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Does is it Matter What GMOs Taste Like? (Part 1: BT Brinjal)

May 27, 2010

Back in March India debated whether or not to allow genetically engineered “BT” Brinjal (a.k.a. Aubergene / Eggplant) seeds to be sold and planted. India’s national government, through the regulatory body Genetic Engineering Approval Committee (GEAC) had previously approved BT Cotton (which is controversial both because of failed pest control tests and perceived links with farmer suicides). But Monsanto/Mahyco‘s BT Brinjaal would have been the first transgenic food crop approved for release.

Having lived in Karnata, India on and off for four years, I was astonished to only recently recognize the diversity of Brinjal grown in India. I had seen two or three varieties of Brinjal in the vegetable stands and super markets nearby, but in Karnataka (and most Indian) Cuisine, vegetables are folded into gravies such that they lose their visual markings. (But certainly not their flavor!) I only first became aware of the diversity of Aubergene when I saw images like this, from citizens protesting outside of the Bangalore debate on BT Brinjal.

It turns out that Brinjal varieties and recipes rival the diversity and culinary passions of Americans and their Tomatoes. This is one vegetable fruit that has serious gastronomic relevance in the sub-continent. If BT Brinjal were approved would it quickly become the dominate variety and severely reduce the agricultural biodiversity of India’s food system?

I followed the English-language debates in print, and in person, somewhat closely since Janruary 2010, and I had never heard mention of which variety (or varieties) of Brinjal had been transgenically altered, or which ones were going to be considered for approval / up for sale.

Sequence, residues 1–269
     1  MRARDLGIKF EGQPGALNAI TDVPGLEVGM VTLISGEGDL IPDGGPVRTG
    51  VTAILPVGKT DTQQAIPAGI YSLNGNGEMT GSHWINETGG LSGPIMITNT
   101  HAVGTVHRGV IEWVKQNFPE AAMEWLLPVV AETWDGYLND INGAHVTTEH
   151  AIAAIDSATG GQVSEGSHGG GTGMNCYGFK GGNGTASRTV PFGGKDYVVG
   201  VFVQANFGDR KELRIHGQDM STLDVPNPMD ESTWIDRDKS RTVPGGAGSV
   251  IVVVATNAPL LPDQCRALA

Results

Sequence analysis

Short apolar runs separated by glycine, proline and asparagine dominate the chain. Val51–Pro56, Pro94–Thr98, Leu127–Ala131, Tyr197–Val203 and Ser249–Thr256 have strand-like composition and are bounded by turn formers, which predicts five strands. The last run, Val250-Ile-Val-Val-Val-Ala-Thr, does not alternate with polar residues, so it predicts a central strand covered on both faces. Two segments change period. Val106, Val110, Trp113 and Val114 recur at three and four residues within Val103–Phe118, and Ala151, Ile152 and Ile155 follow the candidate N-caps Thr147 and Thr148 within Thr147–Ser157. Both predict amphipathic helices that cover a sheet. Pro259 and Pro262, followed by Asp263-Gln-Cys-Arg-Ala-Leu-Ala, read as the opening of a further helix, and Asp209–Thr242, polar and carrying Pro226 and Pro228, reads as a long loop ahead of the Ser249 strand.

If I were to guess which variety would serve as the most ubiquitous for sale across in India, I would predict the large purple Bartha. But as shown in the collage below other people imagined and imaged a BT Brinjal made from the medium purple variety with the spike on the stem called: “Mullu Badnekai”.

Putting aside the other points of debate about this agricultural technology, I am amazed that the topic of what varieties of Monsanto/Mahyco had engineered and field tested never came up.

No matter what food system one is talking about, even eaters without food security feel an attachment to the varieties, recipes and rituals that have existed, and are excited to taste and cook with new foods. How could this simple fact about Genomic Gastronomy not have entered into the debate? I hope I just missed this point and someone can point out the answer to me.

The above poster (printable A4 .pdf version here) was completed as part of course on art & biotechnology at the Srishti School of Art, Design & Technology. Thanks to all the students to participated and apologies that our Kannada is imperfect at best.


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